• How can you focus/narrow down your topic so that it is manageable in this short-term, short (in length/time) research project?  Remember, you don’t want your topic to be too broad or general … isolate just one variable (focus is very important).  What kinds of questions do you hope to address through your research?  What, specifically, do you want to learn about this topic? What will its scope be?
  • What will your approach be? For example, you might be interested in eugenics, but that is a very broad topic, and there are multiple ways to approach it. You could explore fictional visions of eugenics in literature/film, you could place eugenics in conversation with the history of science, or you could explore eugenics through the use of contemporary or historical ideas (e.g., white supremacy). These would all yield very different research and results, so you want to be clear about what you are doing and why from the start.
  • Don’t worry: you are not supposed to have a thesis yet at this point (in fact, if you can already tell what your main claim will be, then there is no point in doing the project!), but you can/should list a series of questions that your project will address.
  • But: your proposal has to show how your project will be “argumentative” (rather than just a statement of fact). You don’t want to just find sources and report back on them (mere summary). Even if you are exploring a commonly researched/discussed topic, how will you bring your own perspective to bear on it, and by putting sources and ideas in dialogue with one another, produce something original? In short, how will your project expand the Science Fiction Archive (broadly conceived)?
  • What further research do you need to do to become informed about your topic?
  • What questions you have for us–as readers/reviewers–about your topic/proposal? What feedback can we provide?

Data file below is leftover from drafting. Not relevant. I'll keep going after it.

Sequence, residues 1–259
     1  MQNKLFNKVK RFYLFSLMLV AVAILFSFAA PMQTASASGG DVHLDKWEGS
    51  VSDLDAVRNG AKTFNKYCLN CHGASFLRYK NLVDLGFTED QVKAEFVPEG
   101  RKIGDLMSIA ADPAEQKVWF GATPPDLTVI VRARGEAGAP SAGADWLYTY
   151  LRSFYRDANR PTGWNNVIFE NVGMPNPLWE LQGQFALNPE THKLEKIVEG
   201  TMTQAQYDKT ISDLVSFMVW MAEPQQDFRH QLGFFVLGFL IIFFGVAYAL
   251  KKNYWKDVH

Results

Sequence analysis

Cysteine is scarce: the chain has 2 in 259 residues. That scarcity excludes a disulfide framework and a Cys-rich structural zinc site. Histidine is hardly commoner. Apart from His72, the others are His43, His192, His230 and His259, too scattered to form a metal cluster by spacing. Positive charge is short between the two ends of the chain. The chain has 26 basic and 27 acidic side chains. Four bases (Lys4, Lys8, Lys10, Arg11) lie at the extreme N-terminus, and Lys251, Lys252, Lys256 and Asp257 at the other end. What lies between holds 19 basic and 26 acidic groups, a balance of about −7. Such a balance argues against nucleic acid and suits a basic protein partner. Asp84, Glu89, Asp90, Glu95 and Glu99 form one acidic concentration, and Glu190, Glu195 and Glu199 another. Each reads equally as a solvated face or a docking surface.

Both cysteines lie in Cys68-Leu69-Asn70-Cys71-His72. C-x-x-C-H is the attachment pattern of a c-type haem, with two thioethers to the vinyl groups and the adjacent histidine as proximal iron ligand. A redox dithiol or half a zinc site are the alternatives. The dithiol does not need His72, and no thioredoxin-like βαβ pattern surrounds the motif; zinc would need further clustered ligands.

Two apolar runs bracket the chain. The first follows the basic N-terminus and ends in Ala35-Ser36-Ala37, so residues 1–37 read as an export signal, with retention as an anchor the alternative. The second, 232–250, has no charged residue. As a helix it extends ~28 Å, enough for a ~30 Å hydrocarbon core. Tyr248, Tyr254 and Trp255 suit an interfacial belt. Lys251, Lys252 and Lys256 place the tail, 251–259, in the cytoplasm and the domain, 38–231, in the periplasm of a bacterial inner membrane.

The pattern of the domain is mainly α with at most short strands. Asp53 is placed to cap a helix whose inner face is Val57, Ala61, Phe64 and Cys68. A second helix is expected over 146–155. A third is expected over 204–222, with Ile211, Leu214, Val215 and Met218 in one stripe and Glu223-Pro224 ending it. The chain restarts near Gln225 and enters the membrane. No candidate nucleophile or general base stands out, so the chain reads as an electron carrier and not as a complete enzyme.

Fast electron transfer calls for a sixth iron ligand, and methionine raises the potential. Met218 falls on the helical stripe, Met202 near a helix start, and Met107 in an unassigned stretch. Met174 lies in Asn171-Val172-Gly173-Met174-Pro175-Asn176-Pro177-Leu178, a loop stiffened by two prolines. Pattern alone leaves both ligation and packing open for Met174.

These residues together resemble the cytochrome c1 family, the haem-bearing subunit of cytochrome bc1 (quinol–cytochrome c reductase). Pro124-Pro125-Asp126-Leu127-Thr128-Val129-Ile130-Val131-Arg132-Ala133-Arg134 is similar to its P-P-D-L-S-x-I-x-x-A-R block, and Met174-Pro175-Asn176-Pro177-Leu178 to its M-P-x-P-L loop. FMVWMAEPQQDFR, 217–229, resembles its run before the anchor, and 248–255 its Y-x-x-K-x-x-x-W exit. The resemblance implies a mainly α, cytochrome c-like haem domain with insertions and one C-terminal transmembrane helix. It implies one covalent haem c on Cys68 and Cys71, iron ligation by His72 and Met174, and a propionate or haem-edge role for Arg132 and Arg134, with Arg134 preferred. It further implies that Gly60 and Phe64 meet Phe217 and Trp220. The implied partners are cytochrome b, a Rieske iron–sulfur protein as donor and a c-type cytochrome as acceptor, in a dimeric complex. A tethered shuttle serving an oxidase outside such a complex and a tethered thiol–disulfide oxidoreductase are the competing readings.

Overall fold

[Research]

How many / what type of sources do I use?

Keep in mind that since everyone is designing his own project (with different goals / deliverables), the types of research each person does will vary. If you have any questions about what type of research is appropriate for your particular project, please consult me.

While I expect that you will consult many, many more sources, you must incorporate a minimum of 6 secondary sources in your research project (this is in addition to any primary sources–films, novels, short stories, etc.–you may be using).  Make sure that you use a variety of resources, and try to have sources from the following categories (and use current/up-to-date information when relevant):

  • Recent scholarly books in print: chapters and/or excerpts are acceptable
  • Recent scholarly articles found in online journals through the City Tech (and/or CUNY) Library databases
  • Recent texts (articles, essays, editorials, interviews, etc.) from other non-book print sources (newspapers, magazines, etc.)
  • Texts (articles, essays, editorials, interviews) from reliable online sources (this means you must know where there information is coming from and if it is accurate/reliable!)
  • Media (advertisements, cartoons, artwork, TV shows, films, music, etc.)
  • Other (ex: fiction, interviews, surveys, etc.)

Make sure to keep track of all bibliographic information as you do your research (citations should be in MLA style). Also, check out the bibliography/references of the sources you use … looking over what sources other researchers have used is a great way to find additional relevant material for your own project. Check out the Bibliography, Works Cited, Notes, and Index of books/articles.

This site has some helpful information on evaluating print sources: http://writingcenter.unc.edu/handouts/evaluating-print-sources/

And here’s one on evaluating WWW sources: http://mason.gmu.edu/~montecin/web-eval-sites.htm

If you are uncertain about the “reliability” of a source, you should consult me, a librarian, or the Learning Center.